Science nature online dating
Stating a preference for what you are looking for appears to have little to no bearing on the characteristics of people you actually contact," Mr Whyte said.
"How people go about finding a partner is changing dramatically thanks to the internet.
But popular as such sites may be, finding your ideal match online can take a lot of time, as traditional dating sites force users to read dozens or even hundreds of profiles.
So some sites are helping people narrow the field by using an algorithm – a set of logical instructions for solving a problem – to find love online.
Despite having a very clear 'wish list' stating their preference for potential ideal matches, most online daters contact people bearing no resemblance to the characteristics they say they want in a mate, according to QUT research.
The finding was revealed in the 'Preference vs Choice in Online Dating' study conducted by QUT behavioural economists Stephen Whyte and Professor Benno Torgler.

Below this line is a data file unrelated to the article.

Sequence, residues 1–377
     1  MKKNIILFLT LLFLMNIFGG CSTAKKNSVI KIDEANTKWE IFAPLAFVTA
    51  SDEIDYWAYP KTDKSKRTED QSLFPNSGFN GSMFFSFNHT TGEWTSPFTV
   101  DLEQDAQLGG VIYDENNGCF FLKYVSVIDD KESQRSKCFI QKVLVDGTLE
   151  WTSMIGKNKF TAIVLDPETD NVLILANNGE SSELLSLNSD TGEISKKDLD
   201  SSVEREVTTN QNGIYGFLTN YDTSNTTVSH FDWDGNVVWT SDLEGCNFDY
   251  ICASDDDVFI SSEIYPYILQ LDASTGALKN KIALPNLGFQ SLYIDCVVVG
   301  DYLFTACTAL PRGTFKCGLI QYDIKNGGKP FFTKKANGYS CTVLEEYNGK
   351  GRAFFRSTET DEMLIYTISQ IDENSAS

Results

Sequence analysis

In this paper we adapt the rapid sequence task to ask a question about mate selection pertinent in the digital age.This is especially true for dating practices, which have been revolutionized by the internet and translated into huge business with millions of users each day logging on to online dating sites in search of potential mates.While online dating is popular, and is certainly an efficient (and anonymous) way to sort through potential mates from the comfort of one’s own home, it may not be quite as reliable as it seems given the recent evidence for sequential dependencies when judging rapid sequences of faces.Despite having a 'wish list' stating their preference for potential ideal matches, most online daters contact people bearing no resemblance to the characteristics they say they want in a mate, according to new research.The finding was revealed by researchers who analyzed the online dating preferences and contact behavior of more than 41,000 Australians aged between 18-80.